BENGALURU: Bengaluru has seen many accounts of children facing sexual assault, and had come out in hordes on to the streets demanding safer spaces. But parents and social activists, who actively participated in these campaigns, are not happy with Union Cabinet’s recently passed ordinance. After the eight-year-old brutal rape and murder in Jammu and Kashmir, the ordinance giving death sentence to those convicted of raping children up to 12 years of age was mooted and passed.
About 320 POCSO cases have been registered in this city, according to NCRB 2016 data, but parents say that the ordinance has been approved in haste and death penalty can be a clear violation of human rights.Bengaluru-based Vijay Tata, an entrepreneur and founder of New India Charitable Trust, has also reached out to the victim’s family in Kathua and contributed a financial help of `5 lakh.He says the ordinance will not help in giving justice to the victim, what is needed is better infrastructure. "Even the Supreme Court has said that minor rape cases should be tried every day but it still takes time to get a judgment because there is lack of infrastructure." This parent of a nine-year-old says what is needed is speedy trial, not a death sentence. "What's the point of delivering a death sentence if the trial takes 20 years?," he asks.
Dr Shaibya Saldanha, MD (obg) and co-founder, Enfold Proactive Health Trust, says that “death penalty has not reduced crime rates in the country”. She says, “It's not the quantum of punishment that matters but the quantity. The ordinance states death penalty to those convicted of raping children up to 12 years of age. Does that mean the older people do not go through as much trauma?," she asks.“The state cannot take it on itself and kill the person because it believes he or she is guilty, it will be like opening a Pandora’s box. There could be an error of judgement too. Life imprisonment till death is okay," she adds.
Dr Sylvia Karpagam, public health doctor and researcher, says that death penalty could lead to decrease in the number of cases reported as 90 per cent of the accused are known to the family and kid. She adds that this is a dangerous move. "It is not a fair system. The chances of convicting the wrong person are higher. Migrants and minorities can be targeted and sent to prison and tortured so that they would accept the crime and this would be a clear violation of human rights. For instance, if a minister's son is accused of raping a minor, he wouldn't be charged. There is always a bias based on caste, class or religion."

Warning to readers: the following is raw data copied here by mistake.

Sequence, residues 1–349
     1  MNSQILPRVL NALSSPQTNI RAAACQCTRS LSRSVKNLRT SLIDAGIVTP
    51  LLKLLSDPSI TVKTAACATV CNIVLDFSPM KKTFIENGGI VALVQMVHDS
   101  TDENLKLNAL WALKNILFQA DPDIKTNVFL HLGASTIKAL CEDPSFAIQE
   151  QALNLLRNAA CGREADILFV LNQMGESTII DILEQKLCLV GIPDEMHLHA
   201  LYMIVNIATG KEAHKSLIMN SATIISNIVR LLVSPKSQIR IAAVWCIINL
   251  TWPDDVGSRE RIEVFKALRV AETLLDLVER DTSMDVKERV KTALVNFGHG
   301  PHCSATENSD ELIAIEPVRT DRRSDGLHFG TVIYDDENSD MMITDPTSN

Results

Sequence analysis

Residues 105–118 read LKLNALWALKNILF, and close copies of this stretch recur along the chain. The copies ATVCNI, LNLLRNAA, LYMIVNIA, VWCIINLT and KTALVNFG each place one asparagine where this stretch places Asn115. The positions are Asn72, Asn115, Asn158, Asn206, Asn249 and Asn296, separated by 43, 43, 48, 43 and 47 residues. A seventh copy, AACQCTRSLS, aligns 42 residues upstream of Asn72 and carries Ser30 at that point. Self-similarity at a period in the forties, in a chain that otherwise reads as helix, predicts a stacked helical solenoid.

She quotes the study done by Amnesty International that highlights the details of prisoners facing undertrials and death penalties in India. The study states that a majority of these prisoners belong to the historically marginalised Scheduled Tribes and Scheduled Caste as well as religious minorities, predominantly Muslim.
This might also lead to murder of the victims, says Gayathri Ananth, head, Ourspace early intervention. "Already only 30 per cent of the rapes are being reported. This will encourage rapists to murder the victim so that there are no chances of case being reported," she says.
The mother of a seven-year-old son says, "We need faster trials. Take the case of a three-year-old girl who was raped by her playschool van driver in HSR Layout in 2014. I even went to the Child Rights Commission to seek help for this case. They said they are in talks with the Delhi team. Now, the person is out on bail and no one knows the status of the case," she says adding that the parents of another six-year-old victim who was raped in her school in 2014 have moved out of the city losing hope in judiciary.
What does ordinance state?
Death penalty to those convicted of raping children up to 12 years of age.
In case of rape of a girl under 16 years, minimum punishment has been increased from 10 years to 20 years, extendable to imprisonment for rest of life, which means imprisonment till that person’s natural life.
For speedy trial of rape cases, new fast track courts will be set up in consultation with States/UTs and High Courts.
The ordinance also prescribes that there will be no provision for anticipatory bail for a person accused of rape or gang rape of a girl under 16 years.
Fast track case
The case of against an army driver for raping an 8-year-old girl became one of the quickest POCSO conviction across the country after an order was passed within just six months of the incident in March. The convict identified as 29-yr-old K Balakondaiah was deployed with a defence unit in the city. City civil and sessions judge M. Latha Kumari, who heard the case, passed a verdict of imprisonment for life for the offence under section 376 of IPC r/w section 7 (2)and 7 (4) of Protection of children from sexual offences Act 2012 and a fine of `1 lakh.